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NYCC: Batman: Gotham Rising

by  in Comic News Comment
NYCC: Batman: Gotham Rising

As Batman’s 75th Anniversary winds down, DC Comics celebrated in style at New York Comic Con 2014, bringing creators from across the Batman family to a single panel. “Batman: Gotham Rising” was a celebration of all things in the modern Batman library with a cornucopia of creators including “Batman” creative team Scott Snyder and Greg Capullo; “Detective Comics” team Francis Manapul and Brian Buccellato; “Batwoman” scribe Marc Andreyko; “Batman Eternal” writer James Tynion IV; “Batman and Robin” writer Peter Tomasi; and newly minted “Batgirl” creative team Cameron Stewart, Brenden Fletcher and Babs Tarr — as well as group editor Mark Doyle.

Moderator John Cunningham introduced the massive panel of creators, the panel kicked off with Snyder & Capullo’s “Batman” — which recently began its “Endgame” arc.

“It’s very intimate and small,” joked Snyder, who was tired due to his 3-year-old having nightmares — about creamed corn. “This story is meant to be a thank you to you guys where for us, we got to deal with the most sacred material in the Batman mythology and redo his origin,” he continued. “The fact that you guys kept it at the top for that entire thing — this is meant to be something that’s a celebration of everything awesome about Batman, and the entire cast.”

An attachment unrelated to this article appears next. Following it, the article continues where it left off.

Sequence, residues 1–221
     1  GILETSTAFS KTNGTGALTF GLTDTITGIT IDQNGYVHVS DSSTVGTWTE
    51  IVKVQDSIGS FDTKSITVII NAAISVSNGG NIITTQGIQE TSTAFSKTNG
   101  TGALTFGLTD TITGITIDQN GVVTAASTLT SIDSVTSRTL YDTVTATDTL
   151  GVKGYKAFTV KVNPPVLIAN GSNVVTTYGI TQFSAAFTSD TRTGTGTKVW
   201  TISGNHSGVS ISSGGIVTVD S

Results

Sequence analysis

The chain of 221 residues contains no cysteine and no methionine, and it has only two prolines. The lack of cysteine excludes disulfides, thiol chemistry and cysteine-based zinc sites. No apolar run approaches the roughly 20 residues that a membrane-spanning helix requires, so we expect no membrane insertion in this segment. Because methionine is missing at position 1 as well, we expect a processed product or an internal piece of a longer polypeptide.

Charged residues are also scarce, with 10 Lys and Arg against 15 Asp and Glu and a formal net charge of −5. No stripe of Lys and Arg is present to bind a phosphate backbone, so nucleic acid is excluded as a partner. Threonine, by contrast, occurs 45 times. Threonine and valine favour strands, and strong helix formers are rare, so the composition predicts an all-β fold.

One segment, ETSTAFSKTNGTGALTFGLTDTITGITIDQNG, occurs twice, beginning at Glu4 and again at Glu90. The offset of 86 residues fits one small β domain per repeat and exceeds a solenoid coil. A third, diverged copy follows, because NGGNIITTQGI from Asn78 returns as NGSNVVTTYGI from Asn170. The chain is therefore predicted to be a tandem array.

“Endgame” features the return of the Joker and Snyder sees it as the second part of “Death of the Family.” Snyder described “Endgame” as “over the top and muscular,” and it’s the Joker breaking “every piece of every toy of every game.”

“It’s really something I’ve been planning with Greg for 2 years,” said Snyder, noting that it was the 75th anniversary of Joker as well.